• Procedural Information–  What are the procedures in the country you are going to? For example: How do I open a bank account? Get a drivers licenses? Find a doctor? Enroll yourself or children in school?  Get the facts on what procedures you need to prepare for and how to complete them. At lot of procedural information can be gathered from Government and Embassy websites.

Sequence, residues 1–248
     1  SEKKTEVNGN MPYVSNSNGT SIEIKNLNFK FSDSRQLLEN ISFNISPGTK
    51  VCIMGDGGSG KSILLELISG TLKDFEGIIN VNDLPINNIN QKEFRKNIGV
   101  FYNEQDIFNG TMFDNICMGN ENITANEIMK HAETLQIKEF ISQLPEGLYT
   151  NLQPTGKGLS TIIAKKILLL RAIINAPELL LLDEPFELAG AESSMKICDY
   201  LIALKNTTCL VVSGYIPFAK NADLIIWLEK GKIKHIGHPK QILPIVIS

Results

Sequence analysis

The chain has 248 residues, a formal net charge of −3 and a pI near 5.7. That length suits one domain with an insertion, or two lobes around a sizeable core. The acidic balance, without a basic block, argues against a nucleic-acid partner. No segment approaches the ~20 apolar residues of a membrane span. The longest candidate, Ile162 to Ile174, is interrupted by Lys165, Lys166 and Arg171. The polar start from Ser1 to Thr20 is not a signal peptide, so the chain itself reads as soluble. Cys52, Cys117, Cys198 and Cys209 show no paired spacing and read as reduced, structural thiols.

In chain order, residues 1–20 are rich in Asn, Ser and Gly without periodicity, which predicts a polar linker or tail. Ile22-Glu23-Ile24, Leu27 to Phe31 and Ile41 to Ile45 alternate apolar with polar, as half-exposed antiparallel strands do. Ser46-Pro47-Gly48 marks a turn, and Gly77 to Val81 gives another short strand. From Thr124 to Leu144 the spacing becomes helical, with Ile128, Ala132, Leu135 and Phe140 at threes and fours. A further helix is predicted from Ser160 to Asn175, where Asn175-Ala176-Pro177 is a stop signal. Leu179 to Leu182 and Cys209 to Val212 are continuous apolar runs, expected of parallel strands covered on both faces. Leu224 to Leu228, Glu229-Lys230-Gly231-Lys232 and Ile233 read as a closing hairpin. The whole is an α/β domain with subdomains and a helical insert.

• Geographical Information– What is the climate like? How do I get familiar with the culture, road conditions, local surroundings? Are there forest, swamps, deserts or heavier rain conditions or impossible traffic conditions? (Even if the swamp is 10 miles away you might need to know about this) I highly advise, taking an exploratory trip before you actually move. Stay away from the tourist areas and talk with locals to get a real perspective. Read an online version of the local or country news paper if there is one available. Use Google translate to help you translate the pages. Are there any kinds of regular weather problems reoccurring?